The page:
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Nitric oxide as a regulator of B. anthracis pathogenicity.

Popova TG, Teunis A, Vaseghi H, Zhou W, Espina V, Liotta LA, Popov SG - Front Microbiol (2015)

Bottom Line: The toxic effect of NO required permeabilization of the target cells as well as the activity of fermentation-derived metabolite in the conditions of reduced pH.The host cells demonstrated increased phosphorylation of major survivor protein kinase AKT correlating with reduced toxicity of the mutant in comparison with Sterne.This is the first in vivo observation of the bacterial NO effect on the lymphatic system.

View Article: PubMed Central - PubMed

Affiliation: National Center for Biodefense and Infectious Disease, College of Science, George Mason University, Manassas, VA USA ; Center for Applied Proteomics and Molecular Medicine, College of Science, George Mason University, Manassas, VA USA.

ABSTRACT
Nitric oxide (NO) is a key physiological regulator in eukaryotic and prokaryotic organisms. It can cause a variety of biological effects by reacting with its targets or/and indirectly inducing oxidative stress. NO can also be produced by bacteria including the pathogenic Bacillus anthracis; however, its role in the infectious process only begins to emerge. NO incapacitates macrophages by S-nitrosylating the intracellular proteins and protects B. anthracis from oxidative stress. It is also implicated in the formation of toxic peroxynitrite. In this study we further assessed the effects of B. anthracis NO produced by the NO synthase (bNOS) on bacterial metabolism and host cells in experiments with the bNOS knockout Sterne strain. The mutation abrogated accumulation of nitrite and nitrate as tracer products of NO in the culture medium and markedly attenuated growth in both aerobic and microaerobic conditions. The regulatory role of NO was also suggested by the abnormally high rate of nitrate denitrification by the mutant in the presence of oxygen. Anaerobic regulation mediated by NO was reflected in reduced fermentation of glucose by the mutant correlating with the reduced toxicity of bacteria toward host cells in culture. The toxic effect of NO required permeabilization of the target cells as well as the activity of fermentation-derived metabolite in the conditions of reduced pH. The host cells demonstrated increased phosphorylation of major survivor protein kinase AKT correlating with reduced toxicity of the mutant in comparison with Sterne. Our global proteomic analysis of lymph from the lymph nodes of infected mice harboring bacteria revealed numerous changes in the pattern and levels of proteins associated with the activity of bNOS influencing key cell physiological processes relevant to energy metabolism, growth, signal transduction, stress response, septic shock, and homeostasis. This is the first in vivo observation of the bacterial NO effect on the lymphatic system.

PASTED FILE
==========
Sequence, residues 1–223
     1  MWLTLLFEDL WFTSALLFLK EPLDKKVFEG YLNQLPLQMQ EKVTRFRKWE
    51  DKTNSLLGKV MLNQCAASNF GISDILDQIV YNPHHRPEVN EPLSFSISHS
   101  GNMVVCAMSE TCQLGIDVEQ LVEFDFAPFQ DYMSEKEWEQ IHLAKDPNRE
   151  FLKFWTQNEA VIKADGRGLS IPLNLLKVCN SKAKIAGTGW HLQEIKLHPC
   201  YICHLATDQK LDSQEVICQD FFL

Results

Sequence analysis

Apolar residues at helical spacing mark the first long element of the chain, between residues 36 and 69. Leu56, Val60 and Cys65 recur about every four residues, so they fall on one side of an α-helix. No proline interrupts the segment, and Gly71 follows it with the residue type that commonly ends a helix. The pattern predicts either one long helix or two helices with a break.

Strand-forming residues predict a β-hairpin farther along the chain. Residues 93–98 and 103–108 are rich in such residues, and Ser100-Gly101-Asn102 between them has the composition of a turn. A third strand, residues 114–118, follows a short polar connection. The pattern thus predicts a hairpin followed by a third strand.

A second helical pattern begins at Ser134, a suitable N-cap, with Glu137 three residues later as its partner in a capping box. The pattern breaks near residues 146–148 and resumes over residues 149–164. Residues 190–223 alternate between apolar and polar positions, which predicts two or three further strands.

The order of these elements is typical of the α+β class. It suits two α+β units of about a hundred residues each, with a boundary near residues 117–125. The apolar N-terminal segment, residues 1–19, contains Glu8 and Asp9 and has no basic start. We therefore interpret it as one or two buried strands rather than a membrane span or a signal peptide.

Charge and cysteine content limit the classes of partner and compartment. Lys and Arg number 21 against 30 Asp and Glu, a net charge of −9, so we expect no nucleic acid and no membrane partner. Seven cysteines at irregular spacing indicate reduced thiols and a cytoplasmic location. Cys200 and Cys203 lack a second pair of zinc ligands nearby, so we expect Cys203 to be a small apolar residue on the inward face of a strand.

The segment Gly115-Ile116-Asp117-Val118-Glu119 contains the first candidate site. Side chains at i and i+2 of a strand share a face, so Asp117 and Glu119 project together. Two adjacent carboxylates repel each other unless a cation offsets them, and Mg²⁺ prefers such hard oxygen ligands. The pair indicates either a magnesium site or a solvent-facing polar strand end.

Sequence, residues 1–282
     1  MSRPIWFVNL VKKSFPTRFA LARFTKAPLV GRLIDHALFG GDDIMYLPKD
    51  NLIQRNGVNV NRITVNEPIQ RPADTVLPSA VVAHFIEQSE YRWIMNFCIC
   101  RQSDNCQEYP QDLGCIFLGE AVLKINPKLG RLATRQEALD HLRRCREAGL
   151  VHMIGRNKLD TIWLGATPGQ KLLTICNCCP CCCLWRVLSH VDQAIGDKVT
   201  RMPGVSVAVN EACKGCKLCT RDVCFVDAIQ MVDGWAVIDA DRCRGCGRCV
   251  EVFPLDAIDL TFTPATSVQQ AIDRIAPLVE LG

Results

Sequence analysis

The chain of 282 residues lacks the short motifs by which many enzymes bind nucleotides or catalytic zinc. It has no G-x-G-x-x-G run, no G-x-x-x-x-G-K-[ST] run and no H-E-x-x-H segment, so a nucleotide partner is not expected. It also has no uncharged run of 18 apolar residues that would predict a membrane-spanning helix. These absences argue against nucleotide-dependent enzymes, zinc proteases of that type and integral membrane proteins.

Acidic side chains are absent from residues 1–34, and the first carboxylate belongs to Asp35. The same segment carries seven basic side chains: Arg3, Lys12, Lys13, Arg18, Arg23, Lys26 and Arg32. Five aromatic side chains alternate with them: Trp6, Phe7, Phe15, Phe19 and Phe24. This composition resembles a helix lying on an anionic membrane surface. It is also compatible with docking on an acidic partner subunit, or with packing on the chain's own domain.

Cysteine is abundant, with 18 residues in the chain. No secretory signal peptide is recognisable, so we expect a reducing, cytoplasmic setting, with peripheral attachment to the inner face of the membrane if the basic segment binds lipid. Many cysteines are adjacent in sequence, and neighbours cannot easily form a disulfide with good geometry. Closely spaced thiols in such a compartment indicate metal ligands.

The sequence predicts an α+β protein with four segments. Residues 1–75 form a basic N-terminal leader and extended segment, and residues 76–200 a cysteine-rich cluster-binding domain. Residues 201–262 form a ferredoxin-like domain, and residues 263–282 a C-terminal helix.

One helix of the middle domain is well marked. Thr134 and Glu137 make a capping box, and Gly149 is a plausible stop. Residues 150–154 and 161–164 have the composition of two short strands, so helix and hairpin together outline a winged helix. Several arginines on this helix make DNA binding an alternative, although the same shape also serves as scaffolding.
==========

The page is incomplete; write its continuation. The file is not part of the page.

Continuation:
No MeSH data available.


Related in: MedlinePlus

Cytotoxic effect of Sterne and ΔNOS static culture sups. Bacteria were grown in DMEM (10 ml, 24 h, 37°C, 5% CO2) in static conditions and the culture sups were prepared. The monolayers of human small-airway lung epithelial cells (HSAECs) were exposed to the bacterial sups for 2 h and the viability of the cells was determined using Resazurin dye as described in Section “Materials and Methods”. The final pH values of the sups and control medium are shown. Asterisks indicate the sups titrated to the pH 5.2 of Sterne sup after cultivation. The error bars indicate 95% confidence intervals of triplicate measurements.
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Figure 2: Cytotoxic effect of Sterne and ΔNOS static culture sups. Bacteria were grown in DMEM (10 ml, 24 h, 37°C, 5% CO2) in static conditions and the culture sups were prepared. The monolayers of human small-airway lung epithelial cells (HSAECs) were exposed to the bacterial sups for 2 h and the viability of the cells was determined using Resazurin dye as described in Section “Materials and Methods”. The final pH values of the sups and control medium are shown. Asterisks indicate the sups titrated to the pH 5.2 of Sterne sup after cultivation. The error bars indicate 95% confidence intervals of triplicate measurements.

Mentions: Decreased acidification by the ΔNOS mutant in comparison with Sterne was associated with the reduction in the toxicity of culture supernatants (sups) toward cultured host cells. Figure 2 shows the results of the lung epithelial cell viability assay carried out using the Alamar Blue dye reflecting the reducing capacity of viable cells. The mutant cultures were less toxic and less acidic than the Sterne ones. In order to take into account the effect of pH the ΔNOS sups were titrated using HCl to the pH values of corresponding Sterne sups. The acidified ΔNOS sups increased their toxicity, but in control incubations the acidification of the unconditioned medium did not have a toxic effect (Figure 2). The cells were also tested for the extent of membrane permeability using the CellTox assay (Promega) after exposure to sups (Figure 3A). The amount of green fluorescence due to the interaction of the cyanine dye with DNA of dead or permeabilized cells was measured. In correlation with the viability assay, the ΔNOS sups were found to be substantially less active than the Sterne ones but showed increased permeabilization after acidification to the pH of Sterne sups. Cholesterol was able to partially reduce the permeabilization (Figure 3B) in accordance with the presence of the pore-forming cholesterol-sensitive cytolysin ALO in the sups (Popova et al., 2011). These results demonstrated that the membrane-damaging bacterial factor(s) was (were) present in the sups of both ΔNOS and Sterne cultures; however, its full activity required a reduced pH.